White coat hypertension may be reduced with familiarity of the patient with the physician, environment, and/or the technology. For example, it has been shown that the blood pressure readings of patients taken by a physician in a clinical environment on two different days two weeks apart tend to drop with time (James et al., The reproducibility of average ambulatory, home and clinical pressures, Hypertension, Vol. 11, No. 6, Part 1, pp.545-549, 1999).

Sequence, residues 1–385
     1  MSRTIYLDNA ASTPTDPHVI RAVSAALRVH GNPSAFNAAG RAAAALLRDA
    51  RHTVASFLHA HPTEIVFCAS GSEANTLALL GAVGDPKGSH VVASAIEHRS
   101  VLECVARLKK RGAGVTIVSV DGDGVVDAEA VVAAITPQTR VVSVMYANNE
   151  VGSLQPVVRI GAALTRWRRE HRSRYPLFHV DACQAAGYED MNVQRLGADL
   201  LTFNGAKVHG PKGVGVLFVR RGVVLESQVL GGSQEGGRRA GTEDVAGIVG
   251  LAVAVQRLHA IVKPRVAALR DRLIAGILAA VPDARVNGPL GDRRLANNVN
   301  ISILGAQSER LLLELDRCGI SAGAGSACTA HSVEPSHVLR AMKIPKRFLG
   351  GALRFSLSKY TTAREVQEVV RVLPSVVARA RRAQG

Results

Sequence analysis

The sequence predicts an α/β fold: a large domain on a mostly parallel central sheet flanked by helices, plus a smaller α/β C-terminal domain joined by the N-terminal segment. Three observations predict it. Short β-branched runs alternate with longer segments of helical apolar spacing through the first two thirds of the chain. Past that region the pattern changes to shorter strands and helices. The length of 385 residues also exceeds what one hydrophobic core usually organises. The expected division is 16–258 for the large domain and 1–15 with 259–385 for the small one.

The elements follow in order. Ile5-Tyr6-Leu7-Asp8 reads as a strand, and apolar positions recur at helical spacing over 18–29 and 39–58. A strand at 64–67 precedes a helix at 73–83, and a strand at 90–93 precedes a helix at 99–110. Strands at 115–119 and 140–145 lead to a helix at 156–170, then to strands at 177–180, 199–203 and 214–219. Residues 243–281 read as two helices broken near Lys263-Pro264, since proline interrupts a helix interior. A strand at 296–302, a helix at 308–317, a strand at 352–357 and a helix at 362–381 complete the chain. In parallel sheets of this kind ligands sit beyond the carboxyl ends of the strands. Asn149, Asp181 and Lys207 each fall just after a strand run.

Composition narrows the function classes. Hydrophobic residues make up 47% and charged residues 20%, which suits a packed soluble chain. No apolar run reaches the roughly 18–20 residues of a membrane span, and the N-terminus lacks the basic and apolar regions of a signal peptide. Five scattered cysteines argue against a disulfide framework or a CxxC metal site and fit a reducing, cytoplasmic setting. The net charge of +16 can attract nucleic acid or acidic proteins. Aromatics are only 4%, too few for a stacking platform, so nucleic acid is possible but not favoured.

Various methods are already available for measuring blood pressure. For example, blood pressure may be measured directly in the aorta or other blood vessel. This may be done, for example, by inserting into the blood vessel a probe, such as a needle or catheter which bears, or is attached to, a pressure transducer. The transducer accurately measures the actual pressure of the blood within the blood vessel. Nikolic, U.S. Pat. No. 5,758,652 provides an example of an invasive device capable of making direct blood pressure measurements. The Nikolic device utilizes averaging for smoothing out or removal of respiratory-induced artifacts in an intra-arterial blood pressure signal. Although it is ideal to have directly measured blood pressure values for diagnostic purposes, procedures for directly measuring blood pressure are invasive and are normally restricted to critical care environments such as operating rooms.